End of the Line

Day 110-111 • June 19-20, 2012 •  Hermann to Dutzow, MO •  31 miles

Today was our last day on the Katy and the Adventure Cycling Lewis and Clark route.  It was a good run but we were ready to be back on pavement.  Lewis and ClarkI’d estimate we lose about 4 MPH on the crushed limestone; with a typical speed in only the low teens that’s a pretty big hit.  No doubt heat in the mid nineties and high humidity didn’t help our outlook just now.  With our heavy weight and with five tire tracks instead of one I’m sure we’re hit particularly hard by the soft surface but we talked to a number of touring cyclists on the trail and most of them had a similar sentiment.  We felt somewhat compelled to stick to the trail even when it paralleled a nice road because the Katy is so well known that some motorists aren’t real tolerant of cyclists who don’t use it.  This is really an issue of motorist education but in this sense an unpaved trail like the Katy can be a net loss to a cyclist whose primary goal is transportation.

We saw this sign along the trail.  After reading it many times I’m still not sure I understand IMG_0734 (2)it.  Maybe the trail runs through a bombing range?  Someone’s hemp field?  I think it says there are some nearby landowners who are really pissed off that a right of way they once used as if it were their own is now filled with pesky cyclists and pedestrians, and if you loiter too long you risk being shot.  At least that was the situation in a couple of places in Idaho as the Weiser River Trail was developed.  At one place along that rail trail there is a home made sign that says something like “The Weiser River Trail ruined my life.”

In Marthasville we stopped for an obligatory frozen treat at Choo Choo’s, a shaved ice shop alongside the trail, built into the end of an old train caboose.  We chatted with some local farmers who were horrified that we were planning to cross the Missouri into the town of Washington on Highway 47.  They described a pretty sketchy situation of narrow bridge, fast traffic, and big trucks with a couple cautionary tales of bike rides gone bad on that bridge.  I was pretty sure we’d seen worse and planned to handle it the only way possible, short of skipping it somehow, by taking the lane and letting traffic back up behind us until we get to the other side and can pull off to let it pass.  This may piss off some motorists but a line of slow moving cars behind you makes a pretty good safety barrier.  That first car to encounter you is a bigger issue but fortunately bridges are straight and we’re quite visible; if you make it clear you’re in the lane they will slow down behind you.  The farmers offered to drive us over the bridge, pretty gracious considering we were still nearly ten miles out, but I assured them we’d be fine. But I admit it didn’t sound fun.

Shortly after reaching Dutzow, our last stop on the Katy, the farmers drove up in a pickup ready to take us over the bridge!  But by that time I’d already decided to skip it.  I’d been in contact with my friend Thad who would be hosting us tonight.  He’d commandeered a Suburban to haul us to his home in Fenton, MO because Zoe and I had already decided we didn’t want to deal with the traffic.  Given that, Thad could just as easily pick us up on the west side of the river and we could avoid the problem altogether.  We thanked the farmers and waited for Thad to arrive.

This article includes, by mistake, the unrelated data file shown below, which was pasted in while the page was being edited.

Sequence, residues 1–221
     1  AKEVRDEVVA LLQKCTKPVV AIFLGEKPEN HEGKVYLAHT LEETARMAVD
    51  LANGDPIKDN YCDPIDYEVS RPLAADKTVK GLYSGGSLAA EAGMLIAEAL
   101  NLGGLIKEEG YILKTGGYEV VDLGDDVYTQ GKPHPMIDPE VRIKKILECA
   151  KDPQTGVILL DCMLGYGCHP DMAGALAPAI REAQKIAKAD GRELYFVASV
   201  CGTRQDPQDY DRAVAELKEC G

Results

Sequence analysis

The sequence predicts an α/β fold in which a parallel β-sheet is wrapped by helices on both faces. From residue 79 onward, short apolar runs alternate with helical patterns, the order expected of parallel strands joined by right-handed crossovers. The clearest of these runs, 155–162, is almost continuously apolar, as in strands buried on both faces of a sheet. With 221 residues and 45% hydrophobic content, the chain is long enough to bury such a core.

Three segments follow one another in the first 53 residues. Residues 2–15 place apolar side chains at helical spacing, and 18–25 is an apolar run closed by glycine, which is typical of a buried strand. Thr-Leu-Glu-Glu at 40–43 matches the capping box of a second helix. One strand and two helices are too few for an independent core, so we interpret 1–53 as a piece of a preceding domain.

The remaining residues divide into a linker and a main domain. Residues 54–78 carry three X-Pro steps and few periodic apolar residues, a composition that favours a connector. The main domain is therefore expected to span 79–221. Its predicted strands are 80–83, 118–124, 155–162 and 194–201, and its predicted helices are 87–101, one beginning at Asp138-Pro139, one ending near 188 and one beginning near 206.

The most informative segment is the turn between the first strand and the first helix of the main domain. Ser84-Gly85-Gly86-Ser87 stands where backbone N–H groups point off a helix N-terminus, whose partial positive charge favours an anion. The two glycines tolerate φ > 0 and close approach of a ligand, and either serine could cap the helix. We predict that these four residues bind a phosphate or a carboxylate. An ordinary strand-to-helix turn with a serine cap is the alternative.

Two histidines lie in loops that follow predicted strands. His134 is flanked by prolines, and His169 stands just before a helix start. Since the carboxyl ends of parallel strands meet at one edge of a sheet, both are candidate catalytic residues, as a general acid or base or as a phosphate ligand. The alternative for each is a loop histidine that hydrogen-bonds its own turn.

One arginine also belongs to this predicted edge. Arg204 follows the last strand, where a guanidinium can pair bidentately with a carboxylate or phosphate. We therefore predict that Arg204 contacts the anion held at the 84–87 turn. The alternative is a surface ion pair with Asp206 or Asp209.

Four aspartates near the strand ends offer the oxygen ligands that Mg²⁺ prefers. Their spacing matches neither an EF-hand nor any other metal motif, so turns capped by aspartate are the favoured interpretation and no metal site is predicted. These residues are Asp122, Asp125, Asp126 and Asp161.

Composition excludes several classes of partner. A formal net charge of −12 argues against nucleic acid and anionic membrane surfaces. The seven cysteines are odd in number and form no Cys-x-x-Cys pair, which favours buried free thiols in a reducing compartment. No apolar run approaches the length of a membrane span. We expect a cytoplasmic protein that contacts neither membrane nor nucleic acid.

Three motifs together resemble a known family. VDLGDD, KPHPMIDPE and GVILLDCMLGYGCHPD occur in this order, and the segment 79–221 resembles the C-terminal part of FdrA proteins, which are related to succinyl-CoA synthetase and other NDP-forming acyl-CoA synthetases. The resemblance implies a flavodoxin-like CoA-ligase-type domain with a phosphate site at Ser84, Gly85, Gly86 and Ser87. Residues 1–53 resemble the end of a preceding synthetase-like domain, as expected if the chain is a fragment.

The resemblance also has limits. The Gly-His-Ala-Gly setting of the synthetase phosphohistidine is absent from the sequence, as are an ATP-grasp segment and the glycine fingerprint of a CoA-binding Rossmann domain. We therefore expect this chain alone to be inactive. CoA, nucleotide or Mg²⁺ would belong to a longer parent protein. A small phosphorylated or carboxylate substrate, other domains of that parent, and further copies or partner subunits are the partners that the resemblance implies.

The original plan was to pick up the Adventure Cycling Great Rivers route at Dutzow, which takes us over the Missouri as described above, and then do some of our own routing to connect it with the TransAmerica route in Farmington, MO.  But we also wanted to see Thad in Fenton, maybe 40 miles off route, and after our experience on Highway 50 I was a little leery of self-planned highway travel around here.  So the new plan was to just let Thad grab us off the Katy and deposit us on route in Farmington a couple of days later.  We owe Thad a huge thanks for scoring the use of the Suburban and carting us around Missouri.

We had a great time hanging out with Thad and his wife Kathy and their two dogs Lila and Luke.  Thad is another cohort from my Topeka childhood who I hadn’t seen in a long time, we had lots of catching up to do.  His boss allowed him to wipe his calendar and spend the next day hanging with us, even scoring some quality pool time at their next door neighbor’s house.  Thad and Kathy live in a beautiful neighborhood next to a forested area and play host to a wide variety of wildlife that they can describe in great detail.  Today they added tri-cyclists to their sightings.

For years Thad has been a balloon artist.  This sounded pretty cool and all, the guy making swords and hats at children’s parties, right?  I had no idea.  His portfolio of balloon creations is stunning.  It was fascinating to watch him whip up another feline companion for Zoe.  Unfortunately the lion just wasn’t up to the rigors of trike travel so we had to leave him at home.  Slash and Willie were bummed.

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2 thoughts on “End of the Line

  1. Pingback: On Rails | TransAmerican Trike Adventure 2012

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